Tuesday, May 6, 2008
Maura had surgery to remove a canteloupe-sized tumor from her abdomen on April 17. She named it Toby.
During ten days in the hospital, Maura's friends and family rallied around her, showing love and support. She had over fifty visitors; she received so many cards and gifts and flowers and phone calls. People showered us with attention, kept us fed when we couldn't remember to eat. On Facebook there is a Group called Let Terminate Toby the Tumor Together [sic] where you'll find lots of pictures from around the country (and out of the country) of teal-painted fingernails. Friends, cousins, aunts, uncles, mom, dad, sisters, work groups, Sunday School classes, and random strangers, including NYC construction workers, are wearing the teal. Teal nail polish is the color of choice and has been renamed Toby the Tumor Terminator Teal.
And the cranes...
On our first Sunday in the hospital, Jessica, an origami enthusiast, told us of a Japanese tradition that says if you fold 1,000 paper cranes, your prayer will be answered. After a couple of comments about how nice it would be to get 1000 cranes folded for Maura, one of Maura's college friends, Jacob (who is the very model of a modern major general), said, "Well, let's do it!" Fifteen of us made cranes in the hospital room, and we kept making them. Adam taught his students to make them. Jacob sponsored crane-making parties back at the college. Matt put boxes in the music building labeled "Cranes for Maura". Adam and Jacob and Matt hung the first strands of cranes in the hospital room. The day of Maura's surgery, Matt brought over 500 cranes from SHSU and he and Lydia and Megan Mulkey hung them while Maura was in the operating room. When she returned from surgery, there were over 700 hanging in her room. We currently have almost 1200 hanging in her room at home.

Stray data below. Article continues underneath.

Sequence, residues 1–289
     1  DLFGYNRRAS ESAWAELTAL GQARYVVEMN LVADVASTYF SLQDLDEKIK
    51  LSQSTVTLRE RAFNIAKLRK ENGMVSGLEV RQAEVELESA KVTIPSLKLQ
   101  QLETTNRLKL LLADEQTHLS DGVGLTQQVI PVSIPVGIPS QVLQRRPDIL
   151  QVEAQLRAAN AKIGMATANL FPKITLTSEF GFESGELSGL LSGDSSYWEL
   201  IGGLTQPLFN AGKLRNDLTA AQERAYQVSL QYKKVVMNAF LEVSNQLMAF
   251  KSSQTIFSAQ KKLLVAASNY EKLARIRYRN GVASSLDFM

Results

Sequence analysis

After what seemed an interminable wait, on May 2 we found out that the pathology results showed that the tumor was a GIST (Gastro-Intestinal Stromal Tumor). Until 1998, GISTs were treated like any sarcoma. Someone discovered that the drug Gleevec, previously used on patients with a certain type of leukemia, also worked for GISTs. Gleevec is a special kind of chemotherapy that doesn't kill quickly-dividing cells, but, rather, inhibits a protein that lets the cancer cells divide and multiply. It is a pill taken daily. therapy can continue for years.
The very next morning, May 3, we were back in the emergency room because Maura experienced severe pain. Another CT scan and a couple of ultrasounds later we were told that a second mass was visible near her right ovary.